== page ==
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Dallas Airport Deploys Giant Robots to Catch Unmasked Travelers

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As air travel is getting back to pre-pandemic levels and airports are getting busy, travelers are still having to mask.

While many public areas are getting more lax about masks, the Dallas Love Field airport now has robots watching travelers.

“Yes, those 7-foot-tall machines at Dallas Love Field are watching you. They want to make sure you’re wearing a mask if you’re boarding a flight or not parking too long at the curb if you’re picking up a returning traveler,” The Dallas Morning News reported Friday.

The Love Field airport is testing two Security Control Observation Towers to see if robotic assistants can help passengers and also keep those in check who are breaking any rules.

The robots are placed near baggage claim and security checkpoints in the airport.

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They can even notify law enforcement of potential crimes.

Love Field is not the first airport in Texas to make a go of it with robots.

In Houston, at the George Bush Intercontinental/Houston Airport and William P. Hobby Airport, there were six robots roaming around to disinfect areas, Dallas Culture Map reported.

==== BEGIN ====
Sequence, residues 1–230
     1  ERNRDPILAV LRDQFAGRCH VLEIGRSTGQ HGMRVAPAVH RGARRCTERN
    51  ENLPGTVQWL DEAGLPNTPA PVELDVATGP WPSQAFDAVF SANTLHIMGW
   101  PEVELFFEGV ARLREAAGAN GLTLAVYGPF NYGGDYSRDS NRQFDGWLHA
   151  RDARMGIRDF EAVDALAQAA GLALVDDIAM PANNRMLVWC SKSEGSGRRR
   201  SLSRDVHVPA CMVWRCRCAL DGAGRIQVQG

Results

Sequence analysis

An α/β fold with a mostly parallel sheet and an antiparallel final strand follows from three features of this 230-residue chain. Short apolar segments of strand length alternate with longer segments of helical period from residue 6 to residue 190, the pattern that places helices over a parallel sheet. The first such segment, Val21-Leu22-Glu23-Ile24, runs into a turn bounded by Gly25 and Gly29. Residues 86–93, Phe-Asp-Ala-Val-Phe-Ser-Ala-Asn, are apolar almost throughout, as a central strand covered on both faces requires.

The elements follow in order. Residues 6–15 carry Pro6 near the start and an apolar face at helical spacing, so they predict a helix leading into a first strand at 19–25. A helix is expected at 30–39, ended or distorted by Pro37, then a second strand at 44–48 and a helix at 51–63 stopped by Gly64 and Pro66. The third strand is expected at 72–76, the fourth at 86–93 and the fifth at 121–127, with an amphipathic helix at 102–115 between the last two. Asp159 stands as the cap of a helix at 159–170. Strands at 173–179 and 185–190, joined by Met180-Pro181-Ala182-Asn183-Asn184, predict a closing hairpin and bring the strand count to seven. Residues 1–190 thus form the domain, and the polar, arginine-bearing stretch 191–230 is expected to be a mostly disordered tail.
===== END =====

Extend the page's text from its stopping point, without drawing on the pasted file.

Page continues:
The Houston Airport System spent close to $1 million for those six robots to go around cleaning surfaces like tables, chairs, doorknobs and keyboards.

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Airports are trying to find more innovative ways to make travel safer, both from a security and health standpoint.

“With the onset of the pandemic, we needed to explore new and innovative solutions so that when people come through the airports, whether for work or travel, they feel safe and secure,” Sam Rea, terminal manager at George Bush Intercontinental, said in a March 8 press release.

At Love field, the machines are nicknamed SCOT (Security Control Observation Towers) and were put into Love Field a month ago to “determine if they are capable of efficiently supplementing current airport operations,” Love Field spokeswoman Lauren Rounds told The Dallas Morning News.

Instead of looking like futuristic and rolling around the airport like R2-D2, SCOT looks similar to other airport kiosks.

With a touch screen for information, maps, directions and more, SCOT is meant to help passengers.

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But the machines are also able to detect whether airport patrons are breaking rules, such as the federal mask mandate that’s in effect until April 18, The Dallas Morning News reported.

Adam Schwartz, an attorney for digital privacy rights group Electronic Frontier Foundation, told the newspaper that the use of the robots “raises questions.”

“It is concerning that an airport has installed a new system of artificial intelligence,” Schwartz said. “It raises a lot of questions about what that technology is doing.”

This article appeared originally on The Western Journal.

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